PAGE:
In my latest Music for a While, I utter a very strange sentence: “I’d like to give you about 25 seconds of ‘Frantic Disembowelment.’” When you listen to a podcast, of course, you can’t hear the quotation marks. “Frantic Disembowelment” is a song — a piece? — by Cannibal Corpse. This is a death-metal band, formed in Buffalo. “Frantic Disembowelment” comes from Cannibal Corpse’s album The Wretched Spawn.
The band’s bass player is Alex Webster — who, a couple of weeks ago, “followed” me on Twitter. (I followed him back.) I conveyed this information to a rocker friend of mine, asking, “Have I arrived?” I believe she was impressed.
In the new Music for a While, I also have a quartet of songs about the moon — two classical, two popular. On Halloween, we had a “blue moon,” a very rare event. This put me in mind of the Rodgers & Hart song (“Blue Moon”), and Dvořák (“Song to the Moon”), and so on and so forth. You could moon for several episodes of a music podcast.
Recently, I brought up Sergiu Celibidache, the Romanian conductor (1912–96). He was an odd and brilliant fellow. He did not like recordings: the making of them or the listening to them. He once said, “Listening to a recording is like kissing a photograph of Brigitte Bardot.” Evidently, he did not say “kissing.” But posterity has cleaned it up for him.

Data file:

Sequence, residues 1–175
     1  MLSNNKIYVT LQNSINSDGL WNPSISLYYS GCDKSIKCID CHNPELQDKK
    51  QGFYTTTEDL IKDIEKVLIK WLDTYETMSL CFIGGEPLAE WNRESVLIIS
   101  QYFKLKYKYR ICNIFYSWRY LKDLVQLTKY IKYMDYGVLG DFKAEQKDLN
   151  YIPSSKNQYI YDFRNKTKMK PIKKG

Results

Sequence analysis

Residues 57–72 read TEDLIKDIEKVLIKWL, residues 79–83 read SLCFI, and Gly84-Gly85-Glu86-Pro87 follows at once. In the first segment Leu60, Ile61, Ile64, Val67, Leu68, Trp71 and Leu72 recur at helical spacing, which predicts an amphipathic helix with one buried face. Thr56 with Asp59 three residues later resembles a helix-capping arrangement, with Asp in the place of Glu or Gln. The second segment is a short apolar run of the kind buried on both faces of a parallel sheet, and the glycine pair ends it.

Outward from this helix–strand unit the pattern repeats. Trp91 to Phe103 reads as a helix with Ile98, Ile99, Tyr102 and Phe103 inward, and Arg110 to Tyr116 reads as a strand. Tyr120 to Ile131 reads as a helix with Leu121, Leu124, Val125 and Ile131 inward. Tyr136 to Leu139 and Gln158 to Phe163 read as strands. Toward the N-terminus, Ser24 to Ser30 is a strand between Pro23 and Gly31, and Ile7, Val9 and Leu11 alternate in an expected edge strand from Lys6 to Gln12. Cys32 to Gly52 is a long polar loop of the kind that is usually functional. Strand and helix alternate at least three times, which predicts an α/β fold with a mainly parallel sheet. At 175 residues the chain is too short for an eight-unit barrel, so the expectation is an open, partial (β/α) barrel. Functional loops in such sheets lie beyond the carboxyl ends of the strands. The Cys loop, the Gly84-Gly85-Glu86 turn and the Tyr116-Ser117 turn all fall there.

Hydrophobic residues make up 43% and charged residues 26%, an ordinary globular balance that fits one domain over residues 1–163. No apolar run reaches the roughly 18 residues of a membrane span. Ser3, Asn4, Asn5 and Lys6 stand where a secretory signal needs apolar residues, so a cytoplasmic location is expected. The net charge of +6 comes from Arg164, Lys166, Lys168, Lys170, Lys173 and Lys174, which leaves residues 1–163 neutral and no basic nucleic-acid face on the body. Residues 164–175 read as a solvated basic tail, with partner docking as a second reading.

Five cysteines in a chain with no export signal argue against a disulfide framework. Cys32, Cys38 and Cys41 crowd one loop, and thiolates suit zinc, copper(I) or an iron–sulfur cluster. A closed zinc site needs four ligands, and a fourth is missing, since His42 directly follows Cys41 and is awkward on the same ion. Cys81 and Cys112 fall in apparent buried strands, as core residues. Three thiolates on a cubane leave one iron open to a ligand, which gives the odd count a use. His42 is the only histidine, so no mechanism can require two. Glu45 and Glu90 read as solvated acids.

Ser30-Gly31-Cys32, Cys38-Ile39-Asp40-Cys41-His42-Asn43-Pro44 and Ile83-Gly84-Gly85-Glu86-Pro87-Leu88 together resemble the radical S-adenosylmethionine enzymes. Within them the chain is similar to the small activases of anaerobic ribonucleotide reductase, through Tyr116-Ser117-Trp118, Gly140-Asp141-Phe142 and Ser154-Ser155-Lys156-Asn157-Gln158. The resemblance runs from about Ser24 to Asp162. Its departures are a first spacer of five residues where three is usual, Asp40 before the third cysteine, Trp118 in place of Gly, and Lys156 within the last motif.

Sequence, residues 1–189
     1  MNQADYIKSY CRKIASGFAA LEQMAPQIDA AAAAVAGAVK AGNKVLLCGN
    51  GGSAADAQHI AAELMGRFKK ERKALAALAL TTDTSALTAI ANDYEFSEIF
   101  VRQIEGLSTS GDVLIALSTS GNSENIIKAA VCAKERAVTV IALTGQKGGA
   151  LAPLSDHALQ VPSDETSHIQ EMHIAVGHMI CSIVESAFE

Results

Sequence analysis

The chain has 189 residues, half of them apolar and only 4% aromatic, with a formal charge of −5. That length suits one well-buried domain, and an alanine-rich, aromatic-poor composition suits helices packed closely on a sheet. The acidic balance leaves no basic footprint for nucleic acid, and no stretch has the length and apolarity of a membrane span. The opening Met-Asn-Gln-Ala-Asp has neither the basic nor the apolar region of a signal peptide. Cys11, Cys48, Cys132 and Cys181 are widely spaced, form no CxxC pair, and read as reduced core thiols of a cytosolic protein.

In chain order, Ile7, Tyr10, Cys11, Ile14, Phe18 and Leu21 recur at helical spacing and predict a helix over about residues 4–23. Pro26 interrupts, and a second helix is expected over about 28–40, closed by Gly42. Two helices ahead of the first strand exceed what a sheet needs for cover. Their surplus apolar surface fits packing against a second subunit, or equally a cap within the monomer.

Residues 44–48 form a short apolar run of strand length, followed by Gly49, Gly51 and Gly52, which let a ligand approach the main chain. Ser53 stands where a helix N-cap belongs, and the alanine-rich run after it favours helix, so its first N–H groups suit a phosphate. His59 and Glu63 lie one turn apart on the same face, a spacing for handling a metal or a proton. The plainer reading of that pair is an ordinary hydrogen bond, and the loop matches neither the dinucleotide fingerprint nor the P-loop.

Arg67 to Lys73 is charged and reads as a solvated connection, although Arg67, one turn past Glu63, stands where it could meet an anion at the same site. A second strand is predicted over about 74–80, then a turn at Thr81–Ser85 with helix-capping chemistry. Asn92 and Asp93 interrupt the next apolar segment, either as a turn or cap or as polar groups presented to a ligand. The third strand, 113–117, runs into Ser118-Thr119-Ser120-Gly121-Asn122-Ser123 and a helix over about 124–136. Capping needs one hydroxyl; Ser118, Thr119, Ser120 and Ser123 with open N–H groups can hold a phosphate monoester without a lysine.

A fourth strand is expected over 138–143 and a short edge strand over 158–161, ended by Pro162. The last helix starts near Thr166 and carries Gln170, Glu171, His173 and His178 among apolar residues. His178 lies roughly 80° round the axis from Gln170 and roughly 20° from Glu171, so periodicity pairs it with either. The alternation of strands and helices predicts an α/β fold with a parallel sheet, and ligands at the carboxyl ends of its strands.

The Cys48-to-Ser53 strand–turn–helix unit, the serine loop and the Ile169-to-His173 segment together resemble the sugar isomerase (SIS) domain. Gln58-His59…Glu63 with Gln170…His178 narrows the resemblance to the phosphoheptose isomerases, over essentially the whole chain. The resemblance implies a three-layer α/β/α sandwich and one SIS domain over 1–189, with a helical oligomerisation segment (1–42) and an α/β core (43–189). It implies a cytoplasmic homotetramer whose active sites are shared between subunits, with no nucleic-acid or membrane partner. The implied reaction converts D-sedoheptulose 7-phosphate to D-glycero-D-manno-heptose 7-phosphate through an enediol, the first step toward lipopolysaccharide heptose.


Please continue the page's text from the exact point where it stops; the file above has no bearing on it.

A reader wrote me to say, “Unfamiliar as I was with Sergiu Celibidache, I sought out his work, after you referred to him. Listening to the below clip, all I can say is, ‘My God, what genius.’”
What my correspondent had listened to was the ending — just the ending — of Bruckner’s Symphony No. 4, played by the Munich Philharmonic under Celibidache in 1983. And that’s how the podcast ends, too. Again, here.
“Celi” had genius, yes, as the greatest performers do. But Bruckner? A genius and a half. His Fourth, transcendent, is typical of him.
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